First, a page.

In the cultural tumult of the Sixties and Seventies, when the roles of women changed forever, we so often thought (sometimes rightly, sometimes not) we knew better than the previous generation. I never really wanted a life like hers. While she would be the first to point out she was not born to such things, my mother was, in my eyes, bridge and country clubs, stunning ball gowns and cocktail parties—while I was smoky blues bars, horse barns, jeans and bandanas, and bad boys. Our family of six lived comfortably on my father’s income, while I instinctively knew I would always have to pay my own way. As a working mother, later a single one, I juggled priorities that sometimes seemed a world away from Mom’s daily life, through no fault of either of us. It was easy to assume that my father, in our traditional family structure of the era, was the tough one in the family.
Most likely I was too absorbed in my own problems, in too much of a hurry, too perennially distracted to develop the wisdom to appreciate my mother’s character. Instead, I saw myself as different, not really cut from the cloth of her lifestyle and traditional family roles that were so easy, in those heady times, to disregard. Maybe daughters always think they know more about their parents than they really do. Could I ever be the person she was and is, or should I be?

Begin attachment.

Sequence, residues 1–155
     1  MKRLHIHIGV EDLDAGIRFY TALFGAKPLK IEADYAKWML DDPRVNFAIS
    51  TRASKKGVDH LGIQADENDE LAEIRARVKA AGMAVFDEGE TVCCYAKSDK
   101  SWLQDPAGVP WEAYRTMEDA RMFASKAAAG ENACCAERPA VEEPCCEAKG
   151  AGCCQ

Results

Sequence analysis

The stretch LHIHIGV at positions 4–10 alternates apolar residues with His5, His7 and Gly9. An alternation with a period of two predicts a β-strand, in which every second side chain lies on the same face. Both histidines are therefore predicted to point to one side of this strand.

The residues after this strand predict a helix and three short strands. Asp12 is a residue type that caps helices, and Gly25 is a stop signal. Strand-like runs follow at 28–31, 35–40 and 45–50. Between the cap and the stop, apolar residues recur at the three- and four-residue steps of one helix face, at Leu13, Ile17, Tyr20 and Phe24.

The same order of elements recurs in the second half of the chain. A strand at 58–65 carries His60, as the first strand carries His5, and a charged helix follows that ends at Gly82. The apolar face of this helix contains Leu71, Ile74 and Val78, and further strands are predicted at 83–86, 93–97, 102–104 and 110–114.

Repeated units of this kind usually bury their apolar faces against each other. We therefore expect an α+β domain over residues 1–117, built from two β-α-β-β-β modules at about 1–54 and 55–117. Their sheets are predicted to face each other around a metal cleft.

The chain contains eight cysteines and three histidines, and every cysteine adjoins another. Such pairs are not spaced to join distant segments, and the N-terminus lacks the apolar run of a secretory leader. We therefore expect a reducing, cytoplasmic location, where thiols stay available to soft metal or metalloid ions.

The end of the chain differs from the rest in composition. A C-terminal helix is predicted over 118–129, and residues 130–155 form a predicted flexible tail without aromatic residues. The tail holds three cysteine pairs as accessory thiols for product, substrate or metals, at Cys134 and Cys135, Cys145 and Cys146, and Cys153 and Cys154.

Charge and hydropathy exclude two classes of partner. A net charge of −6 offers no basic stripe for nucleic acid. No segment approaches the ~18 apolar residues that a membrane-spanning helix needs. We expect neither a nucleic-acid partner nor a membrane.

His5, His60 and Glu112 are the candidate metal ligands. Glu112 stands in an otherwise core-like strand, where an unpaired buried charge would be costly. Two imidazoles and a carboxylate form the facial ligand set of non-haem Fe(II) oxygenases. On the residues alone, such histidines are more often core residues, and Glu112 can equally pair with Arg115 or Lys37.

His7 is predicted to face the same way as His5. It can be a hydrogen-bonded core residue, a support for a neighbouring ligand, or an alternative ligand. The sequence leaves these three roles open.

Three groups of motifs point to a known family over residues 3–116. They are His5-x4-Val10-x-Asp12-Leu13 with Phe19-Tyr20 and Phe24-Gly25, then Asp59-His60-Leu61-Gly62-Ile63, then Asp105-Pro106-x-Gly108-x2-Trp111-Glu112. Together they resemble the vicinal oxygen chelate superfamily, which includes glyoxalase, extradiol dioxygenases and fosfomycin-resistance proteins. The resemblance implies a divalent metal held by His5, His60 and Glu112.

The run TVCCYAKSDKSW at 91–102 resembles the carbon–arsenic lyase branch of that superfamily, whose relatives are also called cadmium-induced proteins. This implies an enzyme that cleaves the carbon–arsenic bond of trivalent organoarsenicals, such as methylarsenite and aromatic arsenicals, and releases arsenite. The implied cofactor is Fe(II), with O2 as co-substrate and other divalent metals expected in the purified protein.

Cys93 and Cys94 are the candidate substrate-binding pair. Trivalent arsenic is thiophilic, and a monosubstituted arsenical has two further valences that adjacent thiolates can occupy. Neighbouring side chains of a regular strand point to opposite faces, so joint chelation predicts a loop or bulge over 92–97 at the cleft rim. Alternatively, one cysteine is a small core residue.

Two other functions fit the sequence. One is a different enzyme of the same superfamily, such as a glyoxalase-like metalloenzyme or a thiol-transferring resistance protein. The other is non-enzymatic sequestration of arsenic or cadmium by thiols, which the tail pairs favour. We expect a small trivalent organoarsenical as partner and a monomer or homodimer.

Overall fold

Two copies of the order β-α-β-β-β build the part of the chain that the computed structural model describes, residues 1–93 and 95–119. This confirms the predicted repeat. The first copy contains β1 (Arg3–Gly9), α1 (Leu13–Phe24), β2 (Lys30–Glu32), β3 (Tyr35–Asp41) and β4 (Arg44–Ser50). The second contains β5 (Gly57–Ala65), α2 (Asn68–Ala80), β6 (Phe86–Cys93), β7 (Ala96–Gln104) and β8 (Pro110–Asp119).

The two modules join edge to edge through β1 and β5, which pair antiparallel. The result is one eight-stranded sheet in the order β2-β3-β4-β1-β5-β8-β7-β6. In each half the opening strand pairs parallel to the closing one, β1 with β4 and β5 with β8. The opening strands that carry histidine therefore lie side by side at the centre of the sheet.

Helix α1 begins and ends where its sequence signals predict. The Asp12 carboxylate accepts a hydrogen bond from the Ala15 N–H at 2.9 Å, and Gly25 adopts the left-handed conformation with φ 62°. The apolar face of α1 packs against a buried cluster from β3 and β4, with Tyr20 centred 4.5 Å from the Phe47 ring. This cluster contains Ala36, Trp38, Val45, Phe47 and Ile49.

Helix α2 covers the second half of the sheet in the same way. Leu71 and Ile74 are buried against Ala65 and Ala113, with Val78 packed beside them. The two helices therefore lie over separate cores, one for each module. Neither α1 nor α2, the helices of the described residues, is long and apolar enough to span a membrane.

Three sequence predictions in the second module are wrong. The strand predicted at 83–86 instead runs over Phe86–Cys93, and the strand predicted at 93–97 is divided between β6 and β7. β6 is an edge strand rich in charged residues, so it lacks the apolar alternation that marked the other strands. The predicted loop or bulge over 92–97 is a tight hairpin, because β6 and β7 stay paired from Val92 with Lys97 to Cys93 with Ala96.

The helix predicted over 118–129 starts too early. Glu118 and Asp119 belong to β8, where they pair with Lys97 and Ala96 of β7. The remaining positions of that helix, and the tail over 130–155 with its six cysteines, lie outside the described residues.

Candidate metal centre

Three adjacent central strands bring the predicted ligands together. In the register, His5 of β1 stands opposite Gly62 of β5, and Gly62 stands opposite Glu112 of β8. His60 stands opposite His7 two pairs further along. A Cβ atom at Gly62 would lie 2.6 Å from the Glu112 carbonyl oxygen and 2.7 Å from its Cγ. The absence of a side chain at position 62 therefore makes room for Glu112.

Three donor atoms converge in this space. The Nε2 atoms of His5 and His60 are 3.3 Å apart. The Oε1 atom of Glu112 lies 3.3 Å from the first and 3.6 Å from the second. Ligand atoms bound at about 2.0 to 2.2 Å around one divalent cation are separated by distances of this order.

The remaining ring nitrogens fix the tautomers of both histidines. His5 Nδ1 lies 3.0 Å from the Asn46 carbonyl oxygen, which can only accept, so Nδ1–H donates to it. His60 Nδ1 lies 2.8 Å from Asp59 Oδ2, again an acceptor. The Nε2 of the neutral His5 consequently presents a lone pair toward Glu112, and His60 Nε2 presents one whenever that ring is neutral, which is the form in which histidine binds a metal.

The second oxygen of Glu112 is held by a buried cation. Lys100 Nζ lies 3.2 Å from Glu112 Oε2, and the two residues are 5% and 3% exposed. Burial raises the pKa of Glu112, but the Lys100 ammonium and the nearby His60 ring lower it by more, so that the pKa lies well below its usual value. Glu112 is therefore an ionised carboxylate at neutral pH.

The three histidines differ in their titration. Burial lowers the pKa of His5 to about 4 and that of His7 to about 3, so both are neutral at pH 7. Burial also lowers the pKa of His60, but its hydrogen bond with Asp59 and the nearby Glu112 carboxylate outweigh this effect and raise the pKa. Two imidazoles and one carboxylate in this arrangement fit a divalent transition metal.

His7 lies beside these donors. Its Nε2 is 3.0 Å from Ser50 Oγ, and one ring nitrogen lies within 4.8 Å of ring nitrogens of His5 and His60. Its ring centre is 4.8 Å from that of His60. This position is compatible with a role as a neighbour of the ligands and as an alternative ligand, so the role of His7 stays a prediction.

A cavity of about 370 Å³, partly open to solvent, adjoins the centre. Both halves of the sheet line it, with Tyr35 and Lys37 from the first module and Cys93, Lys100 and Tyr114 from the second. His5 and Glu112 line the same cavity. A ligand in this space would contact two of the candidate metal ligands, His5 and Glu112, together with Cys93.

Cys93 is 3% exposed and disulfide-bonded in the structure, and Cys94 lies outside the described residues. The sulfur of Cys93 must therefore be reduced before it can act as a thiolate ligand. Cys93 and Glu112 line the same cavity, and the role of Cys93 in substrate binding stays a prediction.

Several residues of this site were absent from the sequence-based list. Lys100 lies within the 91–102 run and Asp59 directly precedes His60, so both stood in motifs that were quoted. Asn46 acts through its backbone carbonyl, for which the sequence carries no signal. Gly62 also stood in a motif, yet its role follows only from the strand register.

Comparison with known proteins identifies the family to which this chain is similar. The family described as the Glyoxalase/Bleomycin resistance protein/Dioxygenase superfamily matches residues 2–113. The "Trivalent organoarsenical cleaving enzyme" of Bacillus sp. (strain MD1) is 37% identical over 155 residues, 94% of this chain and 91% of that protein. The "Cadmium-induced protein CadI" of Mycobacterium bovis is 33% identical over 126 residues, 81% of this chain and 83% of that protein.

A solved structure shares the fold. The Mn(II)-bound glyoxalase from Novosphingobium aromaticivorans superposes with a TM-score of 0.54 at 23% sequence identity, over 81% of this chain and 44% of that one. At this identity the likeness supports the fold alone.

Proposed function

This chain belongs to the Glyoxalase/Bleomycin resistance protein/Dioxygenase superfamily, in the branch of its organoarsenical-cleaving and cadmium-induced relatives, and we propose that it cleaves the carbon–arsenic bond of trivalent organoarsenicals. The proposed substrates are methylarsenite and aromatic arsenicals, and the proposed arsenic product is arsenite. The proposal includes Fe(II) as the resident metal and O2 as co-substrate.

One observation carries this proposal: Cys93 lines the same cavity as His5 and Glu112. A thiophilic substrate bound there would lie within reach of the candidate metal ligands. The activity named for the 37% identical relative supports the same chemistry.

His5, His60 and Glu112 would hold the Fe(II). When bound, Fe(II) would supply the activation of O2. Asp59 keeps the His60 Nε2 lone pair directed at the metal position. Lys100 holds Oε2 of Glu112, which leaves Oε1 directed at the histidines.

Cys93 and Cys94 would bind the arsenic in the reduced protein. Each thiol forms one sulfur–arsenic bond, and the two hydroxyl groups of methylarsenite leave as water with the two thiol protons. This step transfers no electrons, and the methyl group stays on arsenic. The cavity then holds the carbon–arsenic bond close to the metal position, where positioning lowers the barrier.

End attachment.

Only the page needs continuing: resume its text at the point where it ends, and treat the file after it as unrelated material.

The circle of life brought that question back around recently.
The phone rang early on Sunday morning, on Mother’s Day, ironically. The screen showed my brother’s name and photo, and my stomach clenched. When one has elderly parents, it is never a good thing when the phone rings at an unexpected hour. Sure enough, this was one of those. My brother, a veteran of many difficult phone calls, kindly began with the encouraging end of the painful news. “Mom’s OK now, but we thought you’d want to know she fell during the night,” he reported. “She banged herself up pretty good, bruised her wrist badly and cut her forehead, but thankfully, nothing was broken. We took her to the hospital, just to be sure everything checked out OK.”
How is she now? I asked fearfully. Sore? Confused? “I’m sure she will be sore tomorrow,” he said, “but she said she is fine and seems like she really is.”
I called her a couple of hours later, anxious to hear her voice for myself. “My arm is throbbing a little bit,” she admitted, “but nothing that a couple of ibuprofen won’t take care of. I can handle that.” That last sentence was delivered with the slight edge that emerges in her voice when the point is not to be mistaken or disputed.